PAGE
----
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The dramatic story behind one of the world’s greatest churches

The Hagia Sophia was rebuilt after riots, fires destroyed much of Constantinople

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The Hagia Sophia in Istanbul, Turkey

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Editor’s note: This was written prior tolast week’s announcementthat the Hagia Sophia would be converted from a museum to a mosque.

On Jan. 13, 532, riots broke out in Constantinople, the capital of the Byzantine or Eastern Roman Empire. (The city of Rome itself had long since become a backwater and had finally been conquered by barbarians. The residents of the Empire still called themselves “Romans,” though, and their capital city was officially known as “New Rome.”) Within a week, tens of thousands of residents were dead and nearly half of the city had been burned or otherwise destroyed, including the foremost church of the empire, the Hagia Sophia (“Holy Wisdom”).

What caused the violence? Two “demes” or associations of chariot-racing fans — the Greens and the Blues — had divided the city between them for generations. These groups weren’t only about sports, though. They also resembled political parties and, all too often, brutal rival gangs. In 531, several members of both groups had been arrested for murder following a previous, smaller, riot after a chariot race. Most of those had already been executed.

However, two of the convicted rioters — for good or for ill, one from each faction — escaped and took refuge in a church, which was soon surrounded by an angry mob. Already unpopular for various policies and mired in negotiations to end an unsuccessful war with Persia, the Emperor Justinian sought to placate the crowd by commuting their sentences to imprisonment. The crowd responded by demanding that they be altogether pardoned. Justinian refused.

On Jan. 13, both Blues and Greens gathered for a new set of chariot races in the city’s great “Hippodrome” or horse racing arena, which could hold 100,000 spectators. Justinian watched from the imperial lodge, which was directly connected to his palace. (The outlines of the Hippodrome and its racetrack are still clearly visible in the heart of the city today. The space is ornamented with a “serpent column” and an Egyptian obelisk; the four sculpted horses that once adorned the Hippodrome now decorate the façade of the Basilica of St. Mark, in Venice, Italy.) Soon, angry political chants arose from the audience and the mob emerged from the race track to burn and destroy.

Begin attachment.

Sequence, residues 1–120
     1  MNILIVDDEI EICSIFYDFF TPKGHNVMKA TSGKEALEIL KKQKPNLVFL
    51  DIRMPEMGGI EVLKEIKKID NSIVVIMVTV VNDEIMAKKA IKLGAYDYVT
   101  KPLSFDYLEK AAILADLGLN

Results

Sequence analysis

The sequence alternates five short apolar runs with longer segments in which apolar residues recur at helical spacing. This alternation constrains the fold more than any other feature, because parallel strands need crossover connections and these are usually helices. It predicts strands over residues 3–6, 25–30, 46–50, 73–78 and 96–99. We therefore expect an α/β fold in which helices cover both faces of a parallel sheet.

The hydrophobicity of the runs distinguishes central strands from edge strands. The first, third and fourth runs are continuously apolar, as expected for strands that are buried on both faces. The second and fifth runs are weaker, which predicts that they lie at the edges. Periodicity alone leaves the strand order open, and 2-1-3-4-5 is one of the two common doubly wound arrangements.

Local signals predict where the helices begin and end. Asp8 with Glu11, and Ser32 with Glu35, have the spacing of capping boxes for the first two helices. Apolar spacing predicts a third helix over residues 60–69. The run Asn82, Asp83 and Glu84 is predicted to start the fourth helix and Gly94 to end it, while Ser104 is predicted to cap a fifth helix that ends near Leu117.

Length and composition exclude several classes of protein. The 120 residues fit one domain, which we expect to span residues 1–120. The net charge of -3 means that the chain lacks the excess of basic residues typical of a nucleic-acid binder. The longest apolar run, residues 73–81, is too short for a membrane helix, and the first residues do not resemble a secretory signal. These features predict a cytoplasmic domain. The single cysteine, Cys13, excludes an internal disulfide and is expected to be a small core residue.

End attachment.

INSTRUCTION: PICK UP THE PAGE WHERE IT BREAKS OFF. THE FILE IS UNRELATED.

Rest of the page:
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The Obelisk of Theodosius is at the former Roman Hippodrome, in Istanbul, Turkey.

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The situation grew so critical and unmanageable that Justinian prepared to flee the city. He had a ship moored directly by the palace, ready for quick escape. It is said, though, that his legendarily beautiful, intelligent and steel-willed wife, Theodora, talked him out of it. “Never will I see the day when I am not saluted as empress,” she told him (and has been translated a variety of ways from the original Greek), reminding him that “imperial purple makes a fine burial shroud.”

Soon, Justinian thought of a plan: He sent Narses, a highly-trusted palace official, to the Hippodrome, where an angry crowd had now gathered to crown the aristocratic Hypatius as the new emperor. Courageously, the slightly-built eunuch approached the Blue faction, reminding them that the Emperor Justinian, of relatively low birth himself, had always favored their more populist cause and that the aristocratic Hypatius was a Green. Then he distributed the gold. When the coronation commenced, the Blues suddenly walked out.

Shortly thereafter, imperial troops under the command of the great generals Belisarius and Mundus entered the Hippodrome, sealing its doors and proceeding to kill all of the rebels — roughly 30,000 — who remained. Hypatius was executed, and any senators who had supported him were exiled.

Now, though, Constantinople needed to be rebuilt — and most particularly its great church. By Feb. 23, 532, Justinian had decided to build a yet more magnificent Hagia Sophia on the site of its predecessor, which had been destroyed by rioters. Significantly, he selected two mathematicians as his architects, and the building plainly shows their influence.

Justinian dedicated the new church on Dec. 27, 537, somewhat less than six years after construction began. It was the largest building in the world. It is reported that, upon entering the building that day, Justinian was thinking of the famous temple of Jerusalem. “Solomon,” he is reported to have remarked, “I have surpassed you!” (Again, various translations from the original Greek exist.)

For nearly a thousand years, until the cathedral of Seville supplanted it in 1520, Hagia Sophia was the world’s largest Christian church. Until 1453, when the Ottoman Turks took the city and renamed it Istanbul, Hagia Sophia served as a cathedral, the seat of the patriarch of Constantinople. At that point, it became an imperial mosque — and the prototype for Turkish and Turkish-influenced mosques ever after. In 1935, it became a museum and one of Turkey’s most popular tourist attractions.

 It surely ranks among the most remarkable buildings in the world.

Daniel Peterson teaches Arabic studies, founded BYU’s Middle Eastern Texts Initiative, directsMormonScholarsTestify.org, chairsinterpreterfoundation.org, blogs daily atpatheos.com/blogs/danpeterson, and speaks only for himself.